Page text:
State Rep. Diana Farrington and the Michigan Legislature today approved a bipartisan budget to support Michigan schools, public safety, and other important services.
The plan will fund state government for fiscal year 2023, which begins Oct. 1 of this year, while saving billions of dollars for possible tax relief.
“Our budget funds the important priorities of Michigan families — education, transportation, law enforcement, and other indispensable services,” said Farrington, R-Utica. “I’m also proud that we’re prioritizing important savings, from investing in the rainy day fund, to paying down debt, and to potential tax relief. These savings will place both Michigan residents and our government in a better position for the long term.”
Highlights of the budget include:
Educating students: The school aid budget allocates a record $19.6 billion to support education for Michigan students. After last year’s budget provided schools with equal per-pupil foundation allowance funding for the first time, the new plan increases the amount of each grant from $8,700 per student to $9,150. The Great Start Readiness Program for at-risk preschoolers will also receive $9,150 per child. Increased investments will support special education, bringing the total to $1.92 billion, and additional help for at-risk students, a total of $747.5 million. Keeping students safe remains a top priority, with $168 million for school safety grants and $25 million for school resource officers. Other funds will help support student mental health.
Fixing roads: The plan continues to repair roads and bridges in Michigan, building on a $4.7 billion plan passed in March, which funded roads, bridges, dams, broadband equipment, and other infrastructure.
Boosting workers and local businesses: The plan provides resources for a variety of programs to help Michigan workers and businesses thrive, including community and economic development, job training like the Going PRO Talent Fund, and other efforts.
Saving taxpayer dollars: Strategic investment, saving, and debt reduction in the budget will conserve resources entrusted to the state by Michigan residents. The plan preserves billions of dollars that can be used to offset relief for Michigan taxpayers. Already this year, the Legislature has approved multiple bipartisan tax relief plans — a gas tax pause and two proposals for income tax relief — but the governor vetoed all three efforts. A $180 million deposit will bring the balance of the state’s “rainy day fund” above $1.5 billion. The plan puts down a total of roughly $2.6 billion to reduce the debt of public retirement systems, including for local government employees, educators and school staff, and the Michigan State Police.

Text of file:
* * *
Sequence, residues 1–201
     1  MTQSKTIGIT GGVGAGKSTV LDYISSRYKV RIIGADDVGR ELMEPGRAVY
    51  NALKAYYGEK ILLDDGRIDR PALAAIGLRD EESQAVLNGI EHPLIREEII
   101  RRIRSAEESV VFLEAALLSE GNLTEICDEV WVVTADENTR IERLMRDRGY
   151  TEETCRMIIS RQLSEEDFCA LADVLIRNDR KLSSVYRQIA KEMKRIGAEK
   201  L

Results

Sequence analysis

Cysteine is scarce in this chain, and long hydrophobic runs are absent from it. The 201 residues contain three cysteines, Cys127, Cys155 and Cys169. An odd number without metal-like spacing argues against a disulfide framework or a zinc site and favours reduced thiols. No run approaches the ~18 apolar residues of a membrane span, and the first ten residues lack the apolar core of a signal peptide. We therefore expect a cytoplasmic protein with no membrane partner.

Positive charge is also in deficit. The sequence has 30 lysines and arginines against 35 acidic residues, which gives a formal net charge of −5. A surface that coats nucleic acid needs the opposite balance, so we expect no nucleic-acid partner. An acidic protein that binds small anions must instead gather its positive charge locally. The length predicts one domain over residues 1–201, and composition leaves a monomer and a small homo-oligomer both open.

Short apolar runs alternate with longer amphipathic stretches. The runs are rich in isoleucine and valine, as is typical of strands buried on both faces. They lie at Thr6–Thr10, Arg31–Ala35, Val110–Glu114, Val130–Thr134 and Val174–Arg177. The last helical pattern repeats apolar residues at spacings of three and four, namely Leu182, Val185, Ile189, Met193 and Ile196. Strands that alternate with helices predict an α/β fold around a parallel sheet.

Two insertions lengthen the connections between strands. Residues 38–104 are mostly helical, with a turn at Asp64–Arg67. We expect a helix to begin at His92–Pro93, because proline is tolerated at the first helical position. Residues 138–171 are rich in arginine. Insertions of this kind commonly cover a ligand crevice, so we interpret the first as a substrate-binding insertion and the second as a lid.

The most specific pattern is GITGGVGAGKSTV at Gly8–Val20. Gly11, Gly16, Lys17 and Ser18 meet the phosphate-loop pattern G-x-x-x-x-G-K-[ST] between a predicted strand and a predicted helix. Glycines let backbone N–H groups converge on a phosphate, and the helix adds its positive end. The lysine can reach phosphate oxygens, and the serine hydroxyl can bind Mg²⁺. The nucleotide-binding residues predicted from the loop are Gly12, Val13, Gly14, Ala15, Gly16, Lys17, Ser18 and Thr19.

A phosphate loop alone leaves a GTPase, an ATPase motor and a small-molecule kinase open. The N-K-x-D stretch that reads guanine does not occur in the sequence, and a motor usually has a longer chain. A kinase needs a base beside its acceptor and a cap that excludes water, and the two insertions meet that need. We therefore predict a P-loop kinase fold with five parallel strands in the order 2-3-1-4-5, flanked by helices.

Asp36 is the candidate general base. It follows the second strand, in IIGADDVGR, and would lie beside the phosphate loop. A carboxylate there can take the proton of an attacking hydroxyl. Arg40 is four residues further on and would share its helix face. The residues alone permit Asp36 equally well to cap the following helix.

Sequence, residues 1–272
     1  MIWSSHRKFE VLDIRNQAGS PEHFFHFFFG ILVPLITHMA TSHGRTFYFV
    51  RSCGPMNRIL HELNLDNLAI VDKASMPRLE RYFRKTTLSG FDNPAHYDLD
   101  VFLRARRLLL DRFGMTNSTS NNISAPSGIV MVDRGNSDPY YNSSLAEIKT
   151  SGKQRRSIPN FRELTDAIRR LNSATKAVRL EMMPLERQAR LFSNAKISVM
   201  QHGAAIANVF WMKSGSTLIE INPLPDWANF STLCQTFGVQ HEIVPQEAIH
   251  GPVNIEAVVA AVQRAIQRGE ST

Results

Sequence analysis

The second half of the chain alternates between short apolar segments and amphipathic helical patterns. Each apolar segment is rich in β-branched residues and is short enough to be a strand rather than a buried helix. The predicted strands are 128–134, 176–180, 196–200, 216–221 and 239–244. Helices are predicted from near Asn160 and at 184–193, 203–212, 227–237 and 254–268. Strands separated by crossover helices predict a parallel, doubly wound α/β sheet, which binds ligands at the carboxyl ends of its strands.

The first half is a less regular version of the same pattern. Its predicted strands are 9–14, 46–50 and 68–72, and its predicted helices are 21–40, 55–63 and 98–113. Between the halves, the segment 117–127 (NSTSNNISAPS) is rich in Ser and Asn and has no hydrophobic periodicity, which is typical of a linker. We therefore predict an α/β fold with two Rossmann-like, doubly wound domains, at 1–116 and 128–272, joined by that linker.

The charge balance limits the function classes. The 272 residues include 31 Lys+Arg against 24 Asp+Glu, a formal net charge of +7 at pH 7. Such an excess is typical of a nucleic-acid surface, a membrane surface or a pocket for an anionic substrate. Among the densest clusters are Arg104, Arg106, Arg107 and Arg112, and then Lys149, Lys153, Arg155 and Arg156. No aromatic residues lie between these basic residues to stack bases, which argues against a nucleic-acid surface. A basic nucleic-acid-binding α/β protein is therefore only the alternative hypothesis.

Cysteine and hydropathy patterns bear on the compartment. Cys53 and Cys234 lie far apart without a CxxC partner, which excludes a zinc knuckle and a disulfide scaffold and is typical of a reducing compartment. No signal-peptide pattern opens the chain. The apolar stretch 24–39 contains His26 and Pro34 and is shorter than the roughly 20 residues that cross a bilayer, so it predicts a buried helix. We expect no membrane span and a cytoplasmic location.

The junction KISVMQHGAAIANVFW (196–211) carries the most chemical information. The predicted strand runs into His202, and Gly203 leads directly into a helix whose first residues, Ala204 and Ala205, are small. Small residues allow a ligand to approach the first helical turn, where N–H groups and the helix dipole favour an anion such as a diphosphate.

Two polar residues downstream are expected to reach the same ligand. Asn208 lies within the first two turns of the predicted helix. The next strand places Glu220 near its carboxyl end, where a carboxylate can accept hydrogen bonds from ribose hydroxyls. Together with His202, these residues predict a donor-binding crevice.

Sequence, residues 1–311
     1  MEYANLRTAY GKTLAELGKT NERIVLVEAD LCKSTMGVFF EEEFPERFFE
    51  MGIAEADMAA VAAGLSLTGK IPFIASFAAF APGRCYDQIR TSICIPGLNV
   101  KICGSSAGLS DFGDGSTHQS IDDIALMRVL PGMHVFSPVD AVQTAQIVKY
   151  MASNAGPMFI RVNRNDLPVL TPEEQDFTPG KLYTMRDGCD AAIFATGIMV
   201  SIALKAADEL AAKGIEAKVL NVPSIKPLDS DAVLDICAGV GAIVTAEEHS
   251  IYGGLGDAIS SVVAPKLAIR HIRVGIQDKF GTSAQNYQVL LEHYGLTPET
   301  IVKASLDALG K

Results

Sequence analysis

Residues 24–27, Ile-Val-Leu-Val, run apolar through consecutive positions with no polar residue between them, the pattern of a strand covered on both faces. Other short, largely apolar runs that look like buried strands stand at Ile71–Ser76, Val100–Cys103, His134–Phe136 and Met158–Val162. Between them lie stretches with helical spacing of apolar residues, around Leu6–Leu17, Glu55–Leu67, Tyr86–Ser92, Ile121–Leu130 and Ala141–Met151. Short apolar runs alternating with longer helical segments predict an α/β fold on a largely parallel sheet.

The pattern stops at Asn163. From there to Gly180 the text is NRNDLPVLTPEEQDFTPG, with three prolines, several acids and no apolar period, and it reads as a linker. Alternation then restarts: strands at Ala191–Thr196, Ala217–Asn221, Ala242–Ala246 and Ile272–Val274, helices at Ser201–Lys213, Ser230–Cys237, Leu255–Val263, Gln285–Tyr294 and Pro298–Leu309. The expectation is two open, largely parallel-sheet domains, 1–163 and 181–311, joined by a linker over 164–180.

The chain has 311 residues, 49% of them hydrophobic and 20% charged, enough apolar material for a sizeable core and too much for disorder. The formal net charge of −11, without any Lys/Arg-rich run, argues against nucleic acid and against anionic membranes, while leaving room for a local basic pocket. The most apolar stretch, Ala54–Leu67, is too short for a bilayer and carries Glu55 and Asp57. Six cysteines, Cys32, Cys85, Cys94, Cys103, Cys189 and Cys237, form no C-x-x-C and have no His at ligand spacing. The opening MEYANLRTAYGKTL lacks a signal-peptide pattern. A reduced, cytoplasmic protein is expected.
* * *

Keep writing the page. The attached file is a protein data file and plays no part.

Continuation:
The budget, contained in House Bill 5783 and Senate Bill 845, now advances to the governor, who is expected to approve it.
Rep. Farrington says that when 8th graders return to class this time next year, a new state law will require them and the classes following them to complete a half-credit personal finance course to graduate from high school. The plan, Public Act 105 of 2022, was approved by the Legislature and signed into law over […]
State Rep. Diana Farrington, chair of the House Financial Services Committee, today celebrated Michigan students who will learn critical knowledge and skills in a personal finance course that will be required across the state under her plan that was signed into law this afternoon.
With overwhelming bipartisan support, the Michigan House of Representatives today approved state Rep. Diana Farrington’s plan to teach Michigan students how to manage their personal finances.